Featured Doctor

MURTON, Dr Samantha

President, Royal New Zealand College of General Practitioners

What work do you do now?

I am a working general practitioner (GP), and am also the president of The Royal New Zealand College of General Practitioners (RNZCGP) and the South Pacific representative on the WONCA Working Party on Women in Family Medicine. This last one is a new role working with a group of incredibly talented female family doctors who hail from places like Egypt, South America, and the Philippines. Their work environment is so different from New Zealand, and their circumstances can be challenging.

I’m also what is considered an ‘emerging’ researcher. My first research was done before I became a GP, but I have since completed research into GP training, medical students’ skill sets, bullying behaviour within general practice, and I’m now researching the use of art in medicine.

In addition, I’m a senior lecturer and co-convenor for the trainee intern students in Primary Health Care and General Practice at the Wellington campus of University of Otago. My colleagues and I look after 110 students each year, coordinating their six-week general practice intern placement while they’re in their final year of medical study.

Other interesting things you have done?

I began my career working as a surgical registrar, and even though I made the switch to general practice, I still do minor surgery.

I’ve always had an interest in medical education. I became a GP teacher almost as soon as I finished my own GP specialty training, and a few years later I took on the role of coordinating the GP training for the Wellington area. New Zealand’s specialist GP training programme is called the General Practice Education Programme (GPEP) and the first year of training is known as GPEP1. I became the National Clinical Lead GPEP1 – a role that allowed me to connect with GPs and trainees across the country.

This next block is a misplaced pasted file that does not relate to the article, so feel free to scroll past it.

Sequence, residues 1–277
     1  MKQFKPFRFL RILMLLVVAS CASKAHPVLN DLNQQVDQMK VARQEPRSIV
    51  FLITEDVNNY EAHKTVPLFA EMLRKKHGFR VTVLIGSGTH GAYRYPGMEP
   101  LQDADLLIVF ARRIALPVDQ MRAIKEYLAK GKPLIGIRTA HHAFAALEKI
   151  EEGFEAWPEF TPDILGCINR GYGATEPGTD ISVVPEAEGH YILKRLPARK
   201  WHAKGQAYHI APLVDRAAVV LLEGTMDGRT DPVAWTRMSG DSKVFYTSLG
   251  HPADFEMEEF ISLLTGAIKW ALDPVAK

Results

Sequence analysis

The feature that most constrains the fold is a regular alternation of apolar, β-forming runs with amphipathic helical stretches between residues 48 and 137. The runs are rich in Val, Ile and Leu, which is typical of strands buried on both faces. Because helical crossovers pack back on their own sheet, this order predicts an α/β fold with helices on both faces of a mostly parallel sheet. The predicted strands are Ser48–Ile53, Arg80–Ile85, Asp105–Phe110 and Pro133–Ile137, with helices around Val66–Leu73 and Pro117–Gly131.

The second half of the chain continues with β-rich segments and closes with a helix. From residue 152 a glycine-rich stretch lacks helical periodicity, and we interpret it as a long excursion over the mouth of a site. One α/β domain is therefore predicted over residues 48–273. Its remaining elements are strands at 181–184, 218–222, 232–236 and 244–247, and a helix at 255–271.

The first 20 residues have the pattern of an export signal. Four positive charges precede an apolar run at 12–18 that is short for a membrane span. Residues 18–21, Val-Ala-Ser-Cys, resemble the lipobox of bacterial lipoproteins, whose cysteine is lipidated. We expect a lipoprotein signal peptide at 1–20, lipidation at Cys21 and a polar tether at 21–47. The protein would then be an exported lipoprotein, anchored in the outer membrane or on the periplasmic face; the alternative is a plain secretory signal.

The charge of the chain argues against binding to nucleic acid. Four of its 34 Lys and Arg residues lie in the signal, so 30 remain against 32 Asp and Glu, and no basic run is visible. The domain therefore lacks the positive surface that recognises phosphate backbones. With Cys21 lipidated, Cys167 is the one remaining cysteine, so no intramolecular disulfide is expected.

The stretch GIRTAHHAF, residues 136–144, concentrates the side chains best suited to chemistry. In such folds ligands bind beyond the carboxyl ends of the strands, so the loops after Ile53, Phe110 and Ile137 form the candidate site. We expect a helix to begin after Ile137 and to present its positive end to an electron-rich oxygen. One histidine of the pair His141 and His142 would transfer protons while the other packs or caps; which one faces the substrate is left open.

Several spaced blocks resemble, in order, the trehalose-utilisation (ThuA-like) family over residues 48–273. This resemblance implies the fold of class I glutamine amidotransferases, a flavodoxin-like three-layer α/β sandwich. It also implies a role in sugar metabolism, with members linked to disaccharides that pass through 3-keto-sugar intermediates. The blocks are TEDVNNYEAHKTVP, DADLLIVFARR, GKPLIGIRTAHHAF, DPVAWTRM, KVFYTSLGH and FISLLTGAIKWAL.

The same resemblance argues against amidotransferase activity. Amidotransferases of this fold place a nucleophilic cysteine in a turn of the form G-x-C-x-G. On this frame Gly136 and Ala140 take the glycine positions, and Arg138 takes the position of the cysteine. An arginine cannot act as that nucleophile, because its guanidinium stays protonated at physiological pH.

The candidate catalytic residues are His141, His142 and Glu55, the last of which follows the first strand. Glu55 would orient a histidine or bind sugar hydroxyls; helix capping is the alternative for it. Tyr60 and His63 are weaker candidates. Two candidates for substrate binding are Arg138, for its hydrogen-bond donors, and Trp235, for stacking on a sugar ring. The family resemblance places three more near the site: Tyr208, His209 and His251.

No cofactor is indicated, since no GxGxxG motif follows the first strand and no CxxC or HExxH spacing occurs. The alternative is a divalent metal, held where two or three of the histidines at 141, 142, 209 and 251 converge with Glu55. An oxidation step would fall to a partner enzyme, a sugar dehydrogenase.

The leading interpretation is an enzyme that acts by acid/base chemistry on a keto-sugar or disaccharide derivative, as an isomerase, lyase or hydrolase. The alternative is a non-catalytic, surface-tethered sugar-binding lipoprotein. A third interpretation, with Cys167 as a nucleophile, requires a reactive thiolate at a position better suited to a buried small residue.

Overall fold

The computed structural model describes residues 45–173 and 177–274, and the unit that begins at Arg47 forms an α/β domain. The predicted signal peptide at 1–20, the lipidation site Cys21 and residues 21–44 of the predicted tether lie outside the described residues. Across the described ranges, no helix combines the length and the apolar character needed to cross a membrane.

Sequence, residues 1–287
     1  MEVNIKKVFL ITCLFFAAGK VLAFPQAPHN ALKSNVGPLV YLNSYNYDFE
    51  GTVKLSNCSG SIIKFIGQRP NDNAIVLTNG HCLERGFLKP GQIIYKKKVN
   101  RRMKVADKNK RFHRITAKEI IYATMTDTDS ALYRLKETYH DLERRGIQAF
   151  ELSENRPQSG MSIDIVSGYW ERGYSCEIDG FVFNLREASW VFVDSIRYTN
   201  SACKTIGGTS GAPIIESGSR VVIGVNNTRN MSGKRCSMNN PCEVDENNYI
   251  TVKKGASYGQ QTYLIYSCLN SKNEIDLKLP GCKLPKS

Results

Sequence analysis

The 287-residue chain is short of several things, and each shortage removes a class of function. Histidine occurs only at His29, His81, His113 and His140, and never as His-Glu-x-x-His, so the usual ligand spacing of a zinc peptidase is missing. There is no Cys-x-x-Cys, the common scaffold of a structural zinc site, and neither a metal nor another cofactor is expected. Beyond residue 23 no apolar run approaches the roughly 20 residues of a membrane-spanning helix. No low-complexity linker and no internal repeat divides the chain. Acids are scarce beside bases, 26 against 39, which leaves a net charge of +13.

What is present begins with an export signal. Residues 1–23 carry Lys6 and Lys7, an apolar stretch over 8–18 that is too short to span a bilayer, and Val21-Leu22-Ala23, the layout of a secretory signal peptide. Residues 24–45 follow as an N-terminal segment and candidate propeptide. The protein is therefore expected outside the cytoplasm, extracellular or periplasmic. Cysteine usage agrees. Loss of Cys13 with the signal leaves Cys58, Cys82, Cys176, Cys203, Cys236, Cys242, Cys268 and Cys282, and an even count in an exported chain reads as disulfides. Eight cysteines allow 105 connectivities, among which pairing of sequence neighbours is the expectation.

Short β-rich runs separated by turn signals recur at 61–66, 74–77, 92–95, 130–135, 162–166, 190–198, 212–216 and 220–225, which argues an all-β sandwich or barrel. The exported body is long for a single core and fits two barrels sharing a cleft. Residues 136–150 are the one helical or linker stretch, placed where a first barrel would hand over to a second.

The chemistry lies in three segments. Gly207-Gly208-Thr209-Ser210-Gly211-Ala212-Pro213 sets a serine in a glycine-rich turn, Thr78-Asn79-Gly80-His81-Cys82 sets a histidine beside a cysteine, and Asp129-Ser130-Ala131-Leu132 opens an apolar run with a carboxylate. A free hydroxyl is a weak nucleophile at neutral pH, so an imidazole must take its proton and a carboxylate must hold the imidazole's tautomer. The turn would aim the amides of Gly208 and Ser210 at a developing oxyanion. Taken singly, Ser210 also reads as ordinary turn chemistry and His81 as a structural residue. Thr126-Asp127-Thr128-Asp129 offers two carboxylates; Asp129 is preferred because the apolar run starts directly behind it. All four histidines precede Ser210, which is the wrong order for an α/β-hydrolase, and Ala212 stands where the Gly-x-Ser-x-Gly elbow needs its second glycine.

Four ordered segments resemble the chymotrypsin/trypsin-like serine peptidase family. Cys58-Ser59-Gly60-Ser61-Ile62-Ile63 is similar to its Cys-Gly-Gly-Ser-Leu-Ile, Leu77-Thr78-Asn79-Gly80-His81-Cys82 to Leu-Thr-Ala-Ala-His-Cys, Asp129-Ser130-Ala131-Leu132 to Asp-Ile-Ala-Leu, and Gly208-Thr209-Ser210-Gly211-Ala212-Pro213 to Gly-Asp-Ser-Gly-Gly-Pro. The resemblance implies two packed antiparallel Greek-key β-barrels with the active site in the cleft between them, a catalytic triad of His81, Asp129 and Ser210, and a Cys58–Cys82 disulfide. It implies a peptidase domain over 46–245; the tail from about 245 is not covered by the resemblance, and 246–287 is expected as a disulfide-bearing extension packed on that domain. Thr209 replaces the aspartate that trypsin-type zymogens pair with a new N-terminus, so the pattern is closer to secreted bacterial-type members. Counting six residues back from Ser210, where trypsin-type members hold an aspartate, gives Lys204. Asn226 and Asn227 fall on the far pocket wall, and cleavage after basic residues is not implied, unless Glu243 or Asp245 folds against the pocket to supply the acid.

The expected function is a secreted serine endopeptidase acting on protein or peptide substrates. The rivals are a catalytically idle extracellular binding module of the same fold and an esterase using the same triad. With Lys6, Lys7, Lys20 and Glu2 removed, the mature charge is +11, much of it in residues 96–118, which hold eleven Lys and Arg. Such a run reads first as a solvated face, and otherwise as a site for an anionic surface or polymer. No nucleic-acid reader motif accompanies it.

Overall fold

In 2013 I became the College’s first Medical Director. This role let me see the machine inside the Ministry of Health. I was able to represent GPs and ensure there was a GP voice on projects such as end of life care and the prostate cancer working group. As a working GP, I could talk to my colleagues, then feed advice and concerns from the coal face straight to the policy makers.

I am also Fellow of the Academy of Medical Educators (AoME) and have worked as an assessor credentialing members and running AoME training programmes in New Zealand.

What are you hoping for at the WONCA APR regional conference coming to Auckland?

I am really excited that WONCA is back in New Zealand after 20 years. The conference presents a great opportunity to showcase New Zealand general practice to the rest of the world, and it allows local GPs to hear how services are delivered in other countries.

I believe that general practice truly is the heart of health care and bringing so many GPs together will give us a strong, collaborative voice to champion this both locally and internationally.

The thing I love about WONCA conferences is that you get to spend time with people from around the world who really understand the unique work we do as GPs. I have met many people at other WONCA conferences who feel like they have become friends - and I’m looking forward to making more new friends and catching up with old ones at this conference.

Your interests at work and privately?

My interests at work are wide ranging. I enjoy the everyday variety provided by general practice. I also like developing our general practice team and being creative with what we do so that the practice becomes more efficient and can meet the needs of our patients and staff.

I also like doing minor surgery. It’s great being able to provide care that is normally only available in a hospital, at a place which is convenient for the patient and in a timeframe that doesn’t delay their care.

In my personal time I enjoy food, fishing, painting, going to the gym, and chatting about ‘the other stuff’ besides illness.